We waited for two more nights for the cat, and it looked like she was never coming back.

The cat was clearly gone for good.

I’m a guy, and I took this news with a shrug, but my wife? It about broke her heart. It was like her baby had disappeared into the darkness of the Blue Ridge Mountains. And my wife blamed herself because she was the one who opened the door and let Lydia out that night when she disappeared.

Last Saturday, our daughter Lillian came over to do some laundry at our house because her washing machine was busted, and she walked in with a laundry basket full of dirty clothes. She set it down and said, “I just saw something weird a couple doors down. A woman was lying in the street next to the sewer grate. Another woman was sitting next to her. I’m going to see what’s going on.”

A woman lying in the street? Maybe this happens all the time in a city like Chicago where I grew up, but here in Lynchburg it doesn’t happen ever, so my wife followed Lillian out.

Took me a while to get to the street because I couldn’t find my shoes, but when I got to the sewer grate, one of the women was dropping cat treats from a back down into the sewer, and my wife Linda and Lillian were talking into it.

I couldn’t believe it.

Lydia the cat was down in the sewer, about 10 feet down, looking up out of the darkness and saying, “Meow… meow.”

I knew what I had to do. I tried to lift the sewer grate, but the thing wouldn’t budge. It must have weighed a 100 pounds. It just felt like it was bolted into place.

I turned to my wife and said, “Keep talking to Lydia, don’t let her slink deeper into the sewer. I’ll see if I can get somebody to help us get Lydia out of the sewer.”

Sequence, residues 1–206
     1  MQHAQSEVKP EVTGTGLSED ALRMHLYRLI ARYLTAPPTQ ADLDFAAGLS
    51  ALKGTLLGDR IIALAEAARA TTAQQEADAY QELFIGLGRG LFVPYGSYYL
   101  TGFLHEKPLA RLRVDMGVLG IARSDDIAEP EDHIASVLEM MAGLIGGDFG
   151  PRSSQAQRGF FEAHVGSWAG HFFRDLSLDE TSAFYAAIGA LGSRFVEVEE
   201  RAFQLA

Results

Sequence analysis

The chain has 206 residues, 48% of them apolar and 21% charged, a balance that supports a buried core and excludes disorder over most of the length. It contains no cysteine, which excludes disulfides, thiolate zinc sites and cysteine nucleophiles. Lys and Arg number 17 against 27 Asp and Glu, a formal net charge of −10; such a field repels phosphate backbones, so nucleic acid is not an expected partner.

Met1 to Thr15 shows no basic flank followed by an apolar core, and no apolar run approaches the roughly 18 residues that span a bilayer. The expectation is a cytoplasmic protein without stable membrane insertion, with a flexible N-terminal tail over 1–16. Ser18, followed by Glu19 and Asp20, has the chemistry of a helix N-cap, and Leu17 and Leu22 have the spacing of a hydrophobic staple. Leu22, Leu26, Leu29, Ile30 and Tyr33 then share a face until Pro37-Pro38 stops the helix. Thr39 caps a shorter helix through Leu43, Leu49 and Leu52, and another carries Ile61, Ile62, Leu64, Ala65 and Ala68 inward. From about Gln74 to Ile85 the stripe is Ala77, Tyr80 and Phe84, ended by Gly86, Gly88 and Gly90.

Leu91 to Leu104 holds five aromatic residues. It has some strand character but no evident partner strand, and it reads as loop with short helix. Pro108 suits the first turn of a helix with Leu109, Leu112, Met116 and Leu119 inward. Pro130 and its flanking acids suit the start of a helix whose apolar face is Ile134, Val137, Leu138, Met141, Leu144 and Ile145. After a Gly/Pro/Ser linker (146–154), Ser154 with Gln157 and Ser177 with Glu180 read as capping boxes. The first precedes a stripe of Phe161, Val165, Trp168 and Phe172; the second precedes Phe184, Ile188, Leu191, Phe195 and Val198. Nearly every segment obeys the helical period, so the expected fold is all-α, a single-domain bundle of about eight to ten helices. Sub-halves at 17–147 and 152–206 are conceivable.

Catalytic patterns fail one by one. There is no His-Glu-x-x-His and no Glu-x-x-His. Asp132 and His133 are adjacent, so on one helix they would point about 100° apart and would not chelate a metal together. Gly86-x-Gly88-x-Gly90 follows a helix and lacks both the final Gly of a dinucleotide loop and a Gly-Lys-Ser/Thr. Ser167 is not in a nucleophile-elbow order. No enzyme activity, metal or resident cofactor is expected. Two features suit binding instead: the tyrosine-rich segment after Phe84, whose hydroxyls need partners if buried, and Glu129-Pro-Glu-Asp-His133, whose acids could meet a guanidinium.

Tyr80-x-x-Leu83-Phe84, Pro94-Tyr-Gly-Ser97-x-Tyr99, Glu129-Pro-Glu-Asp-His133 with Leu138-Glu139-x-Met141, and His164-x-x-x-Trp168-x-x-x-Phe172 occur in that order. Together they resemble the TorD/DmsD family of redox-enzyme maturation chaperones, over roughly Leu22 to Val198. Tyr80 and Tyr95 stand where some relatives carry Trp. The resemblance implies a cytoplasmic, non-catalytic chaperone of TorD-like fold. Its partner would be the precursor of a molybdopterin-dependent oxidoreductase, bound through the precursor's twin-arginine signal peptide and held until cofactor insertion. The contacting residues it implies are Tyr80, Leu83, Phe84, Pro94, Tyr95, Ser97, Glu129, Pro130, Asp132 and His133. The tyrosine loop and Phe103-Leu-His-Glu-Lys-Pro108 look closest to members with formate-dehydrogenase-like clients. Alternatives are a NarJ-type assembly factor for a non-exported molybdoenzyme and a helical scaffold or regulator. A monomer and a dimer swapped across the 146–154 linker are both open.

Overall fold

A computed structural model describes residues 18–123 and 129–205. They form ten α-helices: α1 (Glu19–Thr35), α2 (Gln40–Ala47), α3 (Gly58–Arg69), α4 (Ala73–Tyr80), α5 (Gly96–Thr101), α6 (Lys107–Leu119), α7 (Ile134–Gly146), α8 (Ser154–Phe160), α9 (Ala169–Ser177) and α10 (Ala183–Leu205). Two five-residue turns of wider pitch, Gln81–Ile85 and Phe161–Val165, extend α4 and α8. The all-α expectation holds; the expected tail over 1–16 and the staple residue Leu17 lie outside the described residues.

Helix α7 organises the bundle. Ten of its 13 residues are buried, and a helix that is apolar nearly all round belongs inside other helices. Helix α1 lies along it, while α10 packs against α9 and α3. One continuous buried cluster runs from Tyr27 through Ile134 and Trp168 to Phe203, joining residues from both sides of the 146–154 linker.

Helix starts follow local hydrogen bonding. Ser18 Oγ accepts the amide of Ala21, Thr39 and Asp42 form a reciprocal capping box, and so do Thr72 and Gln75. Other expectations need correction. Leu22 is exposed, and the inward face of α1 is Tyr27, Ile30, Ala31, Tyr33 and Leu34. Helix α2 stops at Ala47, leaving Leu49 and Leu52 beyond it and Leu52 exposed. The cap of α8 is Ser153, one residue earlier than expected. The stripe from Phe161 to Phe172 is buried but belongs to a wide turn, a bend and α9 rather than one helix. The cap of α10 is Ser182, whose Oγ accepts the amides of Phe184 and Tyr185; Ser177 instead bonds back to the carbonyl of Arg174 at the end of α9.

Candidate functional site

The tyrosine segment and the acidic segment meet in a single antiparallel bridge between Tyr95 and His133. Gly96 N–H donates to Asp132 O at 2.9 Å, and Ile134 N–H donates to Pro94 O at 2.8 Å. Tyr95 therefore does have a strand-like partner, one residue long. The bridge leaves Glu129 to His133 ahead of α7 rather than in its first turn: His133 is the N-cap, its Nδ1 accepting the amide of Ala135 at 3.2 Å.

I got back to the house and started calling.

Saturdays, Lynchburg is the sleepy southern town I imagined when I was a kid growing up in Chicago. I called Animal Rescue, and they were closed for the weekend. I called the water and sewage department and nobody was there, so left a voice message. I called the fire department, and they were only taking 911 calls related to houses and barns burning. Finally, I called the city police department, and the person who answered scratched his head and said, “Let me think about it, and I’ll get back to you.”

Shaking my head, I figured I better get back out to the street and the sewer, and tell my wife and daughter the bad news. There was no help for Lydia, no way to get her out of that sewer dungeon she was stuck in.

But as soon as I opened my front door and stepped outside, I saw a police car, and my wife and daughter were standing next to the sewer hole. I ran up to them and looked down into the hole. There was a woman police officer climbing up out of the sewer with Lydia clawing into her shoulder like she was never going to let go.

What happened was that while I was wasting my time on the phone, Lillian called a friend of hers, a woman cop, and she came right over, and she and Lillian and Linda lifted the sewer grate that I couldn’t budge, and the police officer climbed down and got that silly cat.

I don’t know what the moral of this story is, but I do know that Lydia is never going outside again without a tight lease around her throat.